It’s important to note that things get pretty hairy after heavy rain. You should be aware of paths that may become slippery and muddy, especially in the narrower sections of the hike. The lack of shade also makes it scorching when the sun is out.

This New Zealand hike is a must for anyone who likes their ocean view suitably epic. Make sure you get a good travel camera in your daypack.

  • Length: 8 km
  • Duration: 3 hours
  • Difficulty: Moderate
  • Trailhead: Te Henga Walkway Parking (36°53’04.9″S 174°27’00.4″E)

3. Kepler Track – The Best Multi-Day Hike in New Zealand

Kepler Track

This awesome New Zealand hike lasts for around four days and takes you through some of the most amazing views and landscapes in the country. The scenery is jaw-dropping here, with rugged granite peaks carved by glaciers reflecting on glassy fjords.

Kepler Track is custom-made for hiking and it was opened in 1988, complete with proper signage, boardwalks, and stairways. All the good stuff!

The trail is located in Fiordland National Park, way down at the bottom of the South Island, and because it’s so well laid-out, there are numerous huts along the way where you can spend the night. How awesome is that?

However, if you are contemplating the Kepler Track, you need to plan ahead. Huts and campsites must be booked in advance, due to how popular this hike is — prices vary throughout the year.

  • Length: 60 km
  • Duration: 3-4 Days
  • Difficulty: Difficult
  • Trailhead: Kepler Track Trail Head (45°26’31.6″S 167°41’21.0″E) 

4. Roys Peak Track – Must-Visit Hike in New Zealand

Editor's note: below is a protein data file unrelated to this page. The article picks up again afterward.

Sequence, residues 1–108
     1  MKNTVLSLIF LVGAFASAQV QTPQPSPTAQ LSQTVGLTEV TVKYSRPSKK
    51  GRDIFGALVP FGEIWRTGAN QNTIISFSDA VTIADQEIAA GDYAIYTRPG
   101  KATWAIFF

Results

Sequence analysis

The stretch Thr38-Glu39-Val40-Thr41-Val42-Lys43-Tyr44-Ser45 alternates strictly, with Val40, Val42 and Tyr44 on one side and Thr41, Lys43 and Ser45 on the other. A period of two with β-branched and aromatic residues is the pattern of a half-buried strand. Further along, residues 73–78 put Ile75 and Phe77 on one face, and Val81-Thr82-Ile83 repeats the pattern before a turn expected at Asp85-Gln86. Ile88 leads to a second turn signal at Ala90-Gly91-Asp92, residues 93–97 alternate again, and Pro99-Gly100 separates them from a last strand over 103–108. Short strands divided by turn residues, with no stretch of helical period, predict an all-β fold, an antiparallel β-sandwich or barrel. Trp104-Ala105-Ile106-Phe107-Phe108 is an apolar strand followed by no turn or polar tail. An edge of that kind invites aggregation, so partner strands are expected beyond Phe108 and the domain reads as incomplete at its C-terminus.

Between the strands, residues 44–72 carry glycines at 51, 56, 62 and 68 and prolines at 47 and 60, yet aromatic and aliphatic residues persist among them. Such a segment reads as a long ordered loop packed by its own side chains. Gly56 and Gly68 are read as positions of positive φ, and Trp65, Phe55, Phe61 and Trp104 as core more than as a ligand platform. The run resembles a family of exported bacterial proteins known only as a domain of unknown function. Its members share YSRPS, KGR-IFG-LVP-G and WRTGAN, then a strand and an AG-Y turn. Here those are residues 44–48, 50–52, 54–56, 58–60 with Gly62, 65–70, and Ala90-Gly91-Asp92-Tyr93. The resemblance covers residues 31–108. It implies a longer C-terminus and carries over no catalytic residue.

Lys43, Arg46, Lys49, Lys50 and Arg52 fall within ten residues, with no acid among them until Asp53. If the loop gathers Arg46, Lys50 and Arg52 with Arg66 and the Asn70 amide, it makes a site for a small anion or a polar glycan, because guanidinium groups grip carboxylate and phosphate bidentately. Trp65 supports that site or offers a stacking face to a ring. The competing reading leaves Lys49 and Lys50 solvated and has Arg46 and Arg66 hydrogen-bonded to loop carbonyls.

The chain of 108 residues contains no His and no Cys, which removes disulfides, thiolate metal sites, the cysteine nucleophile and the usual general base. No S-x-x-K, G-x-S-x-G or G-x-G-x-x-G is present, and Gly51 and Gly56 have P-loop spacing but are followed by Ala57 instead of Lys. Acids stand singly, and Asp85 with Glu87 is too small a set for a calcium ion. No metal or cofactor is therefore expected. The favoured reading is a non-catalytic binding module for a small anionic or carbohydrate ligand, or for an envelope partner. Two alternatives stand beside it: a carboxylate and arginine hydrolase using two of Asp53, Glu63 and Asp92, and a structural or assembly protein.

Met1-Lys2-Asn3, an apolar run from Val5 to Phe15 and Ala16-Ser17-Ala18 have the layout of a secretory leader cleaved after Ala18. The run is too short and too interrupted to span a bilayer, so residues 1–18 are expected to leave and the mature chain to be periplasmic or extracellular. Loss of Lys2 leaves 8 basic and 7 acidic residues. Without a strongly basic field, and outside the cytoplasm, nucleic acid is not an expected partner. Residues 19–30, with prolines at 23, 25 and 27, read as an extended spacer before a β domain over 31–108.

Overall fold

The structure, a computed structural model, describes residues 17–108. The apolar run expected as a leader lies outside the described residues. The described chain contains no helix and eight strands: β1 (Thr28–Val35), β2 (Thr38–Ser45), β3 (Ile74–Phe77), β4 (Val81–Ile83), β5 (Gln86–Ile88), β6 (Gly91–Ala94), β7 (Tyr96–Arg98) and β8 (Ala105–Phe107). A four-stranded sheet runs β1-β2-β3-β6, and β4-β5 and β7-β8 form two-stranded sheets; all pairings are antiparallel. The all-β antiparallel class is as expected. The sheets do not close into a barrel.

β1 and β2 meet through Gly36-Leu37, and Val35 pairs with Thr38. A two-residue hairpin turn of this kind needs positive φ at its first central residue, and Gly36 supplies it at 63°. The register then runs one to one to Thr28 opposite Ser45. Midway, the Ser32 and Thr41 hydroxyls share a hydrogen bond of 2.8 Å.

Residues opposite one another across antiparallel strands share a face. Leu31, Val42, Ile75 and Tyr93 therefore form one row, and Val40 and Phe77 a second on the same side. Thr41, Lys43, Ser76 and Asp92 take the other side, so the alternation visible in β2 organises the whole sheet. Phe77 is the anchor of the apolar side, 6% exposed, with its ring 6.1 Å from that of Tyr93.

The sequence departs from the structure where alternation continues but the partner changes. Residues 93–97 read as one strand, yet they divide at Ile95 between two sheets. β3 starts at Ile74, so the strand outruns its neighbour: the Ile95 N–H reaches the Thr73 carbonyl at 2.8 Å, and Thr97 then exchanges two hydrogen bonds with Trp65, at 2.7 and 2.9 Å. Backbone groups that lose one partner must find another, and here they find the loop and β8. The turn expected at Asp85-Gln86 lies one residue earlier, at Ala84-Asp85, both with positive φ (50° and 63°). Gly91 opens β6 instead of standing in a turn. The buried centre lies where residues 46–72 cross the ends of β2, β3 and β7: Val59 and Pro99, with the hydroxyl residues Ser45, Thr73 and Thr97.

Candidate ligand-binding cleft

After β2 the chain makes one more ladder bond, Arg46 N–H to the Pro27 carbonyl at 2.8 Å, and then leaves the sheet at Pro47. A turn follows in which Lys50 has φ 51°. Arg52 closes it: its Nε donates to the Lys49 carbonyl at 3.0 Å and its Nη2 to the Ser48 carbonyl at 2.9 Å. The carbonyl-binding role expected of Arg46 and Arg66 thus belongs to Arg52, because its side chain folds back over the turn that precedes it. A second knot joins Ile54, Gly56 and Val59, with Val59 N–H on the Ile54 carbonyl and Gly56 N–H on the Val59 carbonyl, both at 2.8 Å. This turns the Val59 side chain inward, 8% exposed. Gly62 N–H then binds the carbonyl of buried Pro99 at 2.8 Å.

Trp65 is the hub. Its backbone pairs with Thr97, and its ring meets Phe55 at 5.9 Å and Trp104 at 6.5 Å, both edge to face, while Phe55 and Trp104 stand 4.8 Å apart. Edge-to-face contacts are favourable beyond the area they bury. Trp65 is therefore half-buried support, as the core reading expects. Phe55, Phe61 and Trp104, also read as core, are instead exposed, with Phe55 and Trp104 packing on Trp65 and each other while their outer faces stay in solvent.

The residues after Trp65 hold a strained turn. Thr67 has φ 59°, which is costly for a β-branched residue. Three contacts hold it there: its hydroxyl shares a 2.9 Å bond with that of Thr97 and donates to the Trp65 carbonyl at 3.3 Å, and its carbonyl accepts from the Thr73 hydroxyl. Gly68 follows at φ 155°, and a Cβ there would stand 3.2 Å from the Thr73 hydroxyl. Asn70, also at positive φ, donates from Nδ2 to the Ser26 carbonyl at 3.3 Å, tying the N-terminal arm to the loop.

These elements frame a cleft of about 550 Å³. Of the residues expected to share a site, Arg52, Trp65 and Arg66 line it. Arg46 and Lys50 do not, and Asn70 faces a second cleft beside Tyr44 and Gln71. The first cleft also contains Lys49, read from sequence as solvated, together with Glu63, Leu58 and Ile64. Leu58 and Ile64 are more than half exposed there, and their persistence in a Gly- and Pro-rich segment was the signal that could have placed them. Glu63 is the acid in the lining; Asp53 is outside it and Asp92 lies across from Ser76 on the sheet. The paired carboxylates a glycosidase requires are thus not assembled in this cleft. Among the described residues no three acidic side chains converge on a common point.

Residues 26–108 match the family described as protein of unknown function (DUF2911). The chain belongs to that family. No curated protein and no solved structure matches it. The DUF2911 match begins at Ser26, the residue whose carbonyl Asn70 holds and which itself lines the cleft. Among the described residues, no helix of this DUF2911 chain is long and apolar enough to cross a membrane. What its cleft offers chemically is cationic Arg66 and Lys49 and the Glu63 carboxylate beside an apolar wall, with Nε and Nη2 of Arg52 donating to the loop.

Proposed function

Roys Peak Track, New Zealand
source: Chingfoto (Shutterstock)

If you only have time for one hike in New Zealand, this should be the one you go for. Roys Peak Track is located close to Wanaka and takes in breathtaking views over Lake Wanaka and the surrounding mountains. 

The fact that it’s so picturesque made this place pretty popular, but this is no easy feat. In reality, some sections are really steep and hard-going, requiring more than just a passing interest in hiking to get you to the top.

You’ll be hiking through Alpine meadows and lush grasslands as you make your way from the shores of Lake Wanaka, and ascend 1,500 meters up. Needless to say, the views are fantastic!

Seeing its beautiful bays and islands, surrounded by snow-capped mountains, is like looking down on a map from a video game — except it’s very, very real this time.

Make sure you take the day to enjoy it and don’t rush. You need to take this one at your own pace, no matter your fitness level. Bring plenty of water, sunscreen, and snacks to fuel up along the way.

  • Length: 16 km
  • Duration: 4-5 hours
  • Difficulty: Average/Difficult
  • Trailhead: Roys Peak Track Parking (44°40’24.7″S 169°04’18.7″E)
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5. Hooker Valley Track – A Fun, Easy Hike in New Zealand

Hooker Valley Track, New Zealand
source: Sylvain Cleymans (unsplash)

If you’re just looking for an easy-breezy stroll in nature, without all the expedition-level preparations, this New Zealand trail is the one for you.

Hooker Valley Track is situated in Aoraki/Mount Cook National Park, home to 19 peaks above 3,000 meters, and New Zealand’s highest mountain, Aoraki (or Mount Cook).

But despite all that, we’re taking it easy. You’ll get to see a lot of the beauty of this giant park with little effort involved!

The trail passes through Hooker Valley and alongside Hooker River (permission to laugh), crossing precarious swing bridges on a backdrop of snowy peaks.

It’s easy enough to follow for anybody with a reasonable level of fitness. It’s mostly flat, but with a few tiny stairways and inclines. Stunning views are guaranteed even when it’s cloudy. 

Make sure you go early to avoid the crowds that will inevitably arrive.

  • Length: 10.4 km
  • Duration: 3 hours